Ask an Expert

QUESTION:

The client had a mutual agreement to swap his vehicle for another vehicle with a third party.

However, a disagreement broke out, and our client’s vehicle was taken with the keys and was left with no vehicle.

The client states that he was threatened and so ran away and the TP took the vehicle as well.

The client was not aware of where the vehicle went and was therefore reported to the police.

The police then found the vehicle but was impounded and have asked the client to collect the vehicle. There is no damage but the client needs to get a locksmith out to change the locks and provide them with a key.

The insurer has stated that there is no cover and that this is a civil matter, as the client knew who the TP was, and had the intention of selling the vehicle.

Although, agree at large, we are only claiming for the locksmith and key costs.

We believe the insurer should pay for the costs based on the below:

Wording:

Keys and locks

“We’ll cover you for the cost of replacing the keys and locks for your car following theft, loss or the unauthorised duplication of your keys during the period of insurance.

“The most we’ll pay is $3,000 for any one loss. If you’ve got another policy with us which also covers these costs, the most we’ll pay you is $3,000 in total under all of the policies for any one event.”

An excess of $100 applies to each claim.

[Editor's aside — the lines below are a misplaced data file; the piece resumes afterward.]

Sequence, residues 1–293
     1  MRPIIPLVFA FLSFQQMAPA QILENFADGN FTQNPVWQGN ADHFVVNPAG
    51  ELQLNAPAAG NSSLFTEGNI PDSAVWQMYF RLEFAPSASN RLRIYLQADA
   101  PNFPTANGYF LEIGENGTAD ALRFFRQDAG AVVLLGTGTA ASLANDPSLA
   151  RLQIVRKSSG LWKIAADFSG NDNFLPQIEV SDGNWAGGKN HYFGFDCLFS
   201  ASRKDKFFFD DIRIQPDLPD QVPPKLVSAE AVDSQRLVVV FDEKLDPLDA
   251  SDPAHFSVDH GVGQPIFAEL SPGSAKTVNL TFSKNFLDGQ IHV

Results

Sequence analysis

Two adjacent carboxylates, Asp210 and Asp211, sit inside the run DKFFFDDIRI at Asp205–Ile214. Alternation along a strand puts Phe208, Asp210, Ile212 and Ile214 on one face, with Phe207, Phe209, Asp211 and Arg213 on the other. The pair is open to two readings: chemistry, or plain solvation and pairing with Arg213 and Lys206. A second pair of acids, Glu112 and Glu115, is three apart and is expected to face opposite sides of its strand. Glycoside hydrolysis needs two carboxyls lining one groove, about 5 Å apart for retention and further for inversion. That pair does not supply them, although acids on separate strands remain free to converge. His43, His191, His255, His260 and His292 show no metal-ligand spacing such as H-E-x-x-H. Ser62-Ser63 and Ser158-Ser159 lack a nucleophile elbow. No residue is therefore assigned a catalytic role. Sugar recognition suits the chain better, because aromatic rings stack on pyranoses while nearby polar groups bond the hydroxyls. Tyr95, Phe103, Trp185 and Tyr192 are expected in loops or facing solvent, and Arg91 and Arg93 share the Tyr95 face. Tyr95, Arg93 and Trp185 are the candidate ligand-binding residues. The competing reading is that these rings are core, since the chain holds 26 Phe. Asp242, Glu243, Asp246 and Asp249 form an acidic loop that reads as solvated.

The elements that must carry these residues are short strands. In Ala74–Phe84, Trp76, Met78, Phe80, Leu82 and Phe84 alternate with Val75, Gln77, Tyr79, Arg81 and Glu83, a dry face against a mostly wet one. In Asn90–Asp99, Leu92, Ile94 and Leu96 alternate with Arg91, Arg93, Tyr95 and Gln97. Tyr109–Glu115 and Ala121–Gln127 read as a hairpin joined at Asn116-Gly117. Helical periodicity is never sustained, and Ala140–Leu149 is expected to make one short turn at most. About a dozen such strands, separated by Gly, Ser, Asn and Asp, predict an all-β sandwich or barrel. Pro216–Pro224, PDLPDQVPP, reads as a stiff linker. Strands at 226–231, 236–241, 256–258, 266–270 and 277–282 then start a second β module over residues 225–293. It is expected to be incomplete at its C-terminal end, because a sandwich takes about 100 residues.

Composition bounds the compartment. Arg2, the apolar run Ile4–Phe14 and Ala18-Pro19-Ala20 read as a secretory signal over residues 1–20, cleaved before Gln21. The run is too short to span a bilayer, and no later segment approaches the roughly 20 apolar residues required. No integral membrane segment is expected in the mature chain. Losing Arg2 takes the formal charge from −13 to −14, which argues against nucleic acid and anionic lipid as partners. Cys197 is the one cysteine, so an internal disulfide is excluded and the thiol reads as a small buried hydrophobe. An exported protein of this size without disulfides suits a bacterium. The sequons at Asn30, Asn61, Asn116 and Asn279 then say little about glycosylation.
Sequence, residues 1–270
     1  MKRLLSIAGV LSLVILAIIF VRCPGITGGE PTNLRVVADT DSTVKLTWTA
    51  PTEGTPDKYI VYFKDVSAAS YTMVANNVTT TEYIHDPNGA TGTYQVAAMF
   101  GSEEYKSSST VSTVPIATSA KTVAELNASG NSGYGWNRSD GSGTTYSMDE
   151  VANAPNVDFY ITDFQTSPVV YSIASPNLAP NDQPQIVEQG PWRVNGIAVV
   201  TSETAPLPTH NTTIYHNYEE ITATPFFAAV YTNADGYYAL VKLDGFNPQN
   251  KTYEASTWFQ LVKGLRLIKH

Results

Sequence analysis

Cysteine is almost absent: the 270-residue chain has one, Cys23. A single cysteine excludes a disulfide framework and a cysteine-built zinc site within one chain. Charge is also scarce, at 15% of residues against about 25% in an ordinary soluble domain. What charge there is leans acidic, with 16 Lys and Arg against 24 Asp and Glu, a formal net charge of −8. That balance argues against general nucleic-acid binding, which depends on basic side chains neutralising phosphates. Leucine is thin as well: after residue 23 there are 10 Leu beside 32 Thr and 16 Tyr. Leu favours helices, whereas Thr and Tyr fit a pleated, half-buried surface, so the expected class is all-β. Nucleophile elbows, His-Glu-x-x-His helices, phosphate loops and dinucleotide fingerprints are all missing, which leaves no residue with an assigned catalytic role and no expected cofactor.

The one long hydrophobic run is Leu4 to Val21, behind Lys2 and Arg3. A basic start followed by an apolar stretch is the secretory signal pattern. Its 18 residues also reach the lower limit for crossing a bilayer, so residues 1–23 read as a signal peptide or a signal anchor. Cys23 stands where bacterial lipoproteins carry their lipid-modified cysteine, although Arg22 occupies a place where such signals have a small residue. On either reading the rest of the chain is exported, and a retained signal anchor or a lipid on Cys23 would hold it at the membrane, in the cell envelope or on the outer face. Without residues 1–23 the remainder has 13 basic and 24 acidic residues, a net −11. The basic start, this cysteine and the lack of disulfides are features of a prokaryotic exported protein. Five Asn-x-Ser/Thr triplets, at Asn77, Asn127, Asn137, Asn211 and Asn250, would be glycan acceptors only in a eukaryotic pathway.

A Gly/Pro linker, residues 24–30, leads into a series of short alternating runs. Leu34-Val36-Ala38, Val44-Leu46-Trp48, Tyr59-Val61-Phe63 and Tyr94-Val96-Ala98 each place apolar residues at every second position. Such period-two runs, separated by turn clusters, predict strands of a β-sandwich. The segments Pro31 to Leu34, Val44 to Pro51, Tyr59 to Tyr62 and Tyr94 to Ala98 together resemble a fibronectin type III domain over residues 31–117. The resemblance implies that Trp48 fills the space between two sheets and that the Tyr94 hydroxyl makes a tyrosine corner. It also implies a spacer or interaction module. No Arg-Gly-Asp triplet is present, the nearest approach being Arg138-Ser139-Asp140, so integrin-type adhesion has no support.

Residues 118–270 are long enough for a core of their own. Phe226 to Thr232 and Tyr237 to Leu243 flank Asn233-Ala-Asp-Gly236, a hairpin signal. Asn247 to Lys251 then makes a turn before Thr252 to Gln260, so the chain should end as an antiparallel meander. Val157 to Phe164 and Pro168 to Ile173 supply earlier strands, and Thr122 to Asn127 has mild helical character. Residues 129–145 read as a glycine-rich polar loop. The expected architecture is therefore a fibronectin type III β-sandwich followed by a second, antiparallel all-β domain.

We know the TP took the keys and there is no indication that they did not duplicate the key and we cannot penalise the client on the assumption it wasn’t duplicated. It is also technically theft as the client did not know where the vehicle was or that a fair transaction was completed.


Crossley Gates replies:

I suggest the fact that a (civil) dispute arose between parties does not necessarily invalidate a claim. The focus should always be on the insuring clause.

Based on the facts stated above, the TP converted the vehicle into his possession. This amounts to an unauthorised and accidental physical loss of the vehicle from the insured's point of view. The insured has found the vehicle again thanks to the Police, but the keys to the vehicle remain accidentaly lost from the insured's point of view.

The keys cover insures the cost of replacing the keys/locks '... following ... loss ... of your keys during the period of insurance'. The keys remain lost so it is hard to see why the keys cover does not apply.



December 2021

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